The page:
Antibiotic resistance patterns of Escherichia coli isolates from the clinic through the wastewater pathway

This study compared antimicrobial resistance patterns among E. coli isolates from clinical uropathogenic Escherichia coli (UPEC) to hospital wastewater populations and throughout an urban wastewater treatment facility - influent, pre- and post-chlorinated effluents. Antibiotic susceptibility of 201 isolates were analyzed against eleven different antibiotics, and the presence of twelve antibiotic resistant genes and type 1 integrase were identified. AMR exhibited the following pattern: UPEC (46.8%)> hospital wastewater (37.8%)> urban post-chlorinated effluent (27.6%)> pre-chlorinated effluent (21.4%)> urban influent wastewater (13.3%). However, multi-drug resistance against three or more antimicrobial classes was more prevalent among hospital wastewater populations (29.7%) compared to other sources. E. coli from wastewaters disinfected with chlorine were significantly correlated with increased trimethoprim-sulfamethoxazole resistance in E. coli compared to raw and treated wastewater populations. blaCTX-M-1 group was the most common extended spectrum beta-lactamase in E. coli from hospital wastewater (90%), although UPEC strains also encoded blaCTX-M-1 group (50%) and blaTEM (100%) genes. Among tetracycline-resistant populations, tetA and tetB were the only resistance genes identified throughout wastewater populations that were associated with increased phenotypic resistance. Further characterization of the E. coli populations identified phylogroup B2 predominating ...
Source: International Journal of Hygiene and Environmental health - Category: Environmental Health Authors: Source Type: research

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Euro Surveill. 2021 Nov;26(46). doi: 10.2807/1560-7917.ES.2021.26.46.2001537.ABSTRACTBackgroundIntensive care units (ICU) constitute a high-risk setting for antimicrobial resistance (AMR).AimWe aimed to describe secular AMR trends including meticillin-resistant Staphylococcus aureus (MRSA), glycopeptide-resistant enterococci (GRE), extended-spectrum cephalosporin-resistant Escherichia coli (ESCR-EC) and Klebsiella pneumoniae (ESCR-KP), carbapenem-resistant Enterobacterales (CRE) and Pseudomonas aeruginosa (CRPA) from Swiss ICU. We assessed time trends of antibiotic consumption and identified factors associated with CRE and...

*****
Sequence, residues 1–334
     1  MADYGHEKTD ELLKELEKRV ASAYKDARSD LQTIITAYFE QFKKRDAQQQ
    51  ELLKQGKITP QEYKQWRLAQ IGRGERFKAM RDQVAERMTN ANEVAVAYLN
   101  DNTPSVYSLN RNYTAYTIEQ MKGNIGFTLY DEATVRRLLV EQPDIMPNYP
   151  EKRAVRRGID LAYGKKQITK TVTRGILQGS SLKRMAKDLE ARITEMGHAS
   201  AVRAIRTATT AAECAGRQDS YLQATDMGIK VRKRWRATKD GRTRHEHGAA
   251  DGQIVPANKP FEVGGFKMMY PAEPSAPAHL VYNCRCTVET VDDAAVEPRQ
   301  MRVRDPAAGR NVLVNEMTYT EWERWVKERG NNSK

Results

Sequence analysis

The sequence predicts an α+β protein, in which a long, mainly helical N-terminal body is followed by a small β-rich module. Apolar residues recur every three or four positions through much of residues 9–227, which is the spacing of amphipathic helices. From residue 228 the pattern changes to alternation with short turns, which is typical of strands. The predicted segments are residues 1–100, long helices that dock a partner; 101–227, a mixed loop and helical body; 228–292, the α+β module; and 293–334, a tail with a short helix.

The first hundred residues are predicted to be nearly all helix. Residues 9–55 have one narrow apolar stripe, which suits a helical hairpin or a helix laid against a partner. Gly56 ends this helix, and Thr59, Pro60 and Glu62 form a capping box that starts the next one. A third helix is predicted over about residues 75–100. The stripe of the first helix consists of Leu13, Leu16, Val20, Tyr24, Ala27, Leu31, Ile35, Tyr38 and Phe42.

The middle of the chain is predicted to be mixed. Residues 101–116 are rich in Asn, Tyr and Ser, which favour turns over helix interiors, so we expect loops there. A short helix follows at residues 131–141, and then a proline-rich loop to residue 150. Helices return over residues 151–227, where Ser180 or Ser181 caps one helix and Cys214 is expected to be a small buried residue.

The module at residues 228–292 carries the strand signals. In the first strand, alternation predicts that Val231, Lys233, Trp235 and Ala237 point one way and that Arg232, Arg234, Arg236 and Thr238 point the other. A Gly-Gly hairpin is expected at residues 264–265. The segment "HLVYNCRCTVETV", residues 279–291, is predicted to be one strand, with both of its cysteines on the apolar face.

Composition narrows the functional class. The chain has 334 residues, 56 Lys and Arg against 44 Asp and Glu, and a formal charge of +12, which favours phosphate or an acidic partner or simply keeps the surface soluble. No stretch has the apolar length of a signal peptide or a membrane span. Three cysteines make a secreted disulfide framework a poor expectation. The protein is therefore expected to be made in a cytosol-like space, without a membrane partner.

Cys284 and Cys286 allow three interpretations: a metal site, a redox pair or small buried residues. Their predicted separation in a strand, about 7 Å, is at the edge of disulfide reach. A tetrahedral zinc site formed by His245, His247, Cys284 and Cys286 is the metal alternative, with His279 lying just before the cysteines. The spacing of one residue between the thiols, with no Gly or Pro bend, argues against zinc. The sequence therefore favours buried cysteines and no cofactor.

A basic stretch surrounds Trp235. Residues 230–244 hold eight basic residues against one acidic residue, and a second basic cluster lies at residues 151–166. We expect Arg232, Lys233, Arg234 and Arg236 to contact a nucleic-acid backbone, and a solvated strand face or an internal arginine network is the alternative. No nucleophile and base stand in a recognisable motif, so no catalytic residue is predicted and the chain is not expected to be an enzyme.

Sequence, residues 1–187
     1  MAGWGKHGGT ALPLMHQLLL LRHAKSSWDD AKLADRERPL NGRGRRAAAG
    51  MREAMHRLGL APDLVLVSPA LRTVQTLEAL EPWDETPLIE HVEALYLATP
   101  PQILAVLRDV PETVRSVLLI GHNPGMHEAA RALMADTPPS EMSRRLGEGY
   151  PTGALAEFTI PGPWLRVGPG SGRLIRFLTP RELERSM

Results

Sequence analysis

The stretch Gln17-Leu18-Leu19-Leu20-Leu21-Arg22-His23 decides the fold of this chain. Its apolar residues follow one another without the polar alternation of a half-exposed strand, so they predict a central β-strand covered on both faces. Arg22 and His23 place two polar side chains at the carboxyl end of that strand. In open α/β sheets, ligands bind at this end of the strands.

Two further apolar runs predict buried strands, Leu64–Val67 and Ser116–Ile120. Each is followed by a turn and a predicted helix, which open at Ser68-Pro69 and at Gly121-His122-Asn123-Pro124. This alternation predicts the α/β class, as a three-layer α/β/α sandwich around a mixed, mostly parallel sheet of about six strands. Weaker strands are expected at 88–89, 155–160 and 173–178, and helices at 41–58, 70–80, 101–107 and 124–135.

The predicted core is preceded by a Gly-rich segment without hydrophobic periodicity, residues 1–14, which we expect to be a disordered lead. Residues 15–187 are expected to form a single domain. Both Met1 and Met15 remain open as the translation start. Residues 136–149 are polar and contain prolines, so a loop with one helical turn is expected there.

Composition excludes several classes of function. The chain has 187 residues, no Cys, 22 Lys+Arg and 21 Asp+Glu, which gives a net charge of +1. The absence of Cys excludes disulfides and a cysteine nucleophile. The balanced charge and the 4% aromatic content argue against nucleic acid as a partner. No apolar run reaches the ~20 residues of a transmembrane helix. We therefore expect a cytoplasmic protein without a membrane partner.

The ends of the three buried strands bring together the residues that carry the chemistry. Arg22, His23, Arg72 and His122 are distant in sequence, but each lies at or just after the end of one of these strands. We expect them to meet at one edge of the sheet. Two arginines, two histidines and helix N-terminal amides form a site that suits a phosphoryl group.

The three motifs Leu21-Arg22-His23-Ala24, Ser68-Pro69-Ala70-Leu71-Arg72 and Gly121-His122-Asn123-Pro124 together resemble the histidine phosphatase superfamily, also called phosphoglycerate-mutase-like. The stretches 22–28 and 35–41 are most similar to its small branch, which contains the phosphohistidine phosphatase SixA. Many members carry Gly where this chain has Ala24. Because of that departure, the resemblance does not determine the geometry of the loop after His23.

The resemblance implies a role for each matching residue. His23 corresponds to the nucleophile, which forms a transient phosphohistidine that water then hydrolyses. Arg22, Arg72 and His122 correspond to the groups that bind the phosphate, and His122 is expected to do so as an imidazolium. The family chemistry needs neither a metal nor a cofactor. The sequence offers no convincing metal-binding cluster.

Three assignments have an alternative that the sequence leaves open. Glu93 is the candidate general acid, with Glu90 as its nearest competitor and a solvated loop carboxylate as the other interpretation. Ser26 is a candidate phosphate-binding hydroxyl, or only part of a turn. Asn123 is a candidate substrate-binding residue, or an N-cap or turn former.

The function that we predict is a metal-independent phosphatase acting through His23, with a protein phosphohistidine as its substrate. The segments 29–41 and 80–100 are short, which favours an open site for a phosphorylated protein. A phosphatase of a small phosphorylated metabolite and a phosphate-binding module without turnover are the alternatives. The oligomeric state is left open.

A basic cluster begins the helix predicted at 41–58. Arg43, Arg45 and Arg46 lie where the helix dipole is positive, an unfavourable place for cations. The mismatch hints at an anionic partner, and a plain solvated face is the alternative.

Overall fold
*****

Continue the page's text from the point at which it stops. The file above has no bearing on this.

Source: Euro Surveill - Category: Infectious Diseases Authors: Source Type: research
In this study, we have performed a microbiological and molecular investigation of priority pathogens carrying transferable resistance genes to critical antimicrobials in one-day-old chickens imported from Brazil to Uruguay. Bacterial identification was performed by MALDI-TOF mass spectrometry and antibiotic susceptibility was determined by Sensititre. Antimicrobial resistance genes were sought by polymerase chain reaction and clonality was assessed by PFGE. Four multidrug-resistant (MDR) representative strains were sequenced by Illumina and/or Oxford Nanopore Technologies. Twenty-eight MDR isolates identified as Escherichi...
Source: Applied and Environmental Microbiology - Category: Microbiology Authors: Source Type: research
Int J Microbiol. 2021 Oct 22;2021:6759046. doi: 10.1155/2021/6759046. eCollection 2021.ABSTRACTThe rise in the spread of antibiotic-resistant pathogens such as Escherichia coli is one of the very important dynamics off-putting treatment and prophylaxis possibilities, hence posing a threat to the modern human medicine, veterinary medicine, and food safety. Therefore, the aim of this study was to determine antimicrobial resistance profiles in E. coli isolates obtained from broiler and layer chickens in Mwanza and Arusha regions in Tanzania. A cross-sectional study was carried out from February to March, 2021, in 402 poultry ...
Source: International Journal of Microbiology - Category: Microbiology Authors: Source Type: research
Mini Rev Med Chem. 2021 Nov 1. doi: 10.2174/1389557521666211101155150. Online ahead of print.ABSTRACTThe existence of multidrug-resistant (MDR) E .coli (superbugs) is a global health issue confronting humans, livestock, food processing units, and pharmaceutical industries. The quorum sensing (QS) controlling ability of the E .coli to form biofilms has become one of the important reasons for the emergence of multidrug-resistant pathogens. Quorum signaling activation and formation of biofilm lead to the emergence of antimicrobial resistance of the pathogens increasing the therapy difficulty for treating bacterial diseases. T...
Source: Mini Reviews in Medicinal Chemistry - Category: Chemistry Authors: Source Type: research
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